Cleveland Celebrates Cavs With Huge NBA Victory Parade

“King” James also documented the festivities with his smartphone, while Irving hopped off his pickup truck, high-fiving fans and gesturing to the crowd.

Downtown Cleveland was a sea of wine and gold Wednesday as hundreds of thousands of jubilant fans gave a hero’s welcome to NBA superstar LeBron James and his Cavaliers teammates.

The team brought home the city’s first major sports title in more than 50 years — since the Browns took the National Football League title in 1964 — ending the longest such drought for any American city.

Confetti in the team’s colours rained down as the parade snaked through the city, with the NBA championship trophy in a black pickup truck and team members traveling in separate vehicles.

The Cavaliers, led by series MVP James, pulled off the greatest comeback in NBA Finals history to dethrone the Golden State Warriors, winning Game 7 on Sunday 93-89 to complete an improbable rally from a 3-1 deficit to take the title.

Many fans wore team jerseys — 23 for James or 2 for Kyrie Irving were the most popular — and waved team flags, some of them dancing with joy.

James — who turned in a performance for the ages in the Finals, sealing his place in the pantheon of the sport’s greats — stood atop the convertible in which he was traveling, extending his arms to the crowd.

“King” James also documented the festivities with his smartphone, while Irving hopped off his pickup truck, high-fiving fans and gesturing to the crowd.

In a moment filled with symbolism at Wednesday’s post-parade rally, James accepted the MVP trophy from Jim Brown, a legendary running back who helped the Browns win in 1964.

“What’s going on right now is still unreal,” James said.

“I heard a lot of ‘Thank You, LeBron,'” James said. “You guys should be thanking all the guys up here to be honest,” he said, pointing to his teammates.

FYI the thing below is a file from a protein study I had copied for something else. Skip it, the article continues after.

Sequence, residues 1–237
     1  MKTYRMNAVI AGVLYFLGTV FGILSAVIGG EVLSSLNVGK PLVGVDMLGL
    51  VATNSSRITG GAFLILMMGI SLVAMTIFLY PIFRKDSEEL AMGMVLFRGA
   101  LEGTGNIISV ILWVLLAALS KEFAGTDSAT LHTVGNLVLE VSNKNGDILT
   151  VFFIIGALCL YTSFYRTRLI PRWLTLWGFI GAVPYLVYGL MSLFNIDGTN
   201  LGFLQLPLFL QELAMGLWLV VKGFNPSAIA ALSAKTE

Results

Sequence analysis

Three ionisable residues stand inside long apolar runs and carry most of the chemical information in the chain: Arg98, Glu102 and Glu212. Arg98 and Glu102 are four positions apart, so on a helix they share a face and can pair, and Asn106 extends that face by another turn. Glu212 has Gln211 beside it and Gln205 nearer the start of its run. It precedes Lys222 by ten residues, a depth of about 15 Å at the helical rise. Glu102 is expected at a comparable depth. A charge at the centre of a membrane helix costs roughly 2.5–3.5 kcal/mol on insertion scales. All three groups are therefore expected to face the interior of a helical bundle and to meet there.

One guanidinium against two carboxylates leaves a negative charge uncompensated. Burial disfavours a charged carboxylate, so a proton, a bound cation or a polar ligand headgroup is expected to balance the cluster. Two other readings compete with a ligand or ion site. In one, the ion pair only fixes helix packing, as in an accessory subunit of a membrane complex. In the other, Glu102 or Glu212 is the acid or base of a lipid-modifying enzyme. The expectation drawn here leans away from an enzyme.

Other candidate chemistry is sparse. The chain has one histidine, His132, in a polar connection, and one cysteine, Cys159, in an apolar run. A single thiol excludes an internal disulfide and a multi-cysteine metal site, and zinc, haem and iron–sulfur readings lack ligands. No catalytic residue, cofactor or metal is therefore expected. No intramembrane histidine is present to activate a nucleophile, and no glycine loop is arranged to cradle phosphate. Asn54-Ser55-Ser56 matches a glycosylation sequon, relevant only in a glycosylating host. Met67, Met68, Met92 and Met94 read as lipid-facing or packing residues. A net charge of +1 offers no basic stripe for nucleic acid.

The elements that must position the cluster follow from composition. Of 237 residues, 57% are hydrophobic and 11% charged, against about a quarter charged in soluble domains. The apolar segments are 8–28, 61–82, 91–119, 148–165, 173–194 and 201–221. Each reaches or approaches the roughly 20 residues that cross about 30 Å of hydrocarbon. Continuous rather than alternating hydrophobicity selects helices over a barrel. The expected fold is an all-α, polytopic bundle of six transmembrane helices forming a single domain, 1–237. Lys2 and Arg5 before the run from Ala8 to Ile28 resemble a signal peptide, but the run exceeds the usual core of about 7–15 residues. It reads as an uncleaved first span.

James averaged NBA Finals highs of 29.7 points, 11.3 rebounds and 8.9 assists and led the way with more than two steals and blocked shots a game as well — not to mention his pinpoint passing and defensive swagger.

In an interview during the parade, James told ESPN he had no plans to leave Cleveland next season.


Much of Cleveland — home to the Rock and Roll Hall of Fame, and soon to host the Republican National Convention in July — was engulfed in celebration, with reports of local employers giving workers the day off.

Revelers lined up on the streets for the best spots from the early morning hours. Some even climbed light poles and bus shelters for a better view.

Two theatres rescheduled performances due to the large crowds, and a local courthouse even planned to reschedule some hearings, should the parties involved be unable to attend.

Police reported only one major incident — a shooting just blocks from the rally site in which one woman suffered a non-fatal leg wound.

Cleveland’s public transit system offered free parking to parade goers, but announced early in the day that lots were at capacity. The Cleveland airport’s parking lots were similarly congested, and hotels were fully booked.

There was almost no visible green lawn at the city’s downtown open field known as The Mall, where the crowd gathered for the post-parade rally.


When James returned to the Cavaliers, he pledged to bring home a trophy to Cleveland — home to baseball, basketball and football teams and their long-suffering fans — and this year, he made good on his promise.

The victory was a welcome occasion to celebrate for a city that has had little opportunity to do so. The Rust Belt town has suffered economic decline. A recent economic study labelled it the “most distressed large city in America.”

Cleveland has also been grappling with the controversial fatal police shooting in November 2014 of 12-year-old Tamir Rice, who was playing with a toy gun.

“The whole city needed this,” said parade goer Anthony Shaw. “We really needed it to bring us up a little bit.”

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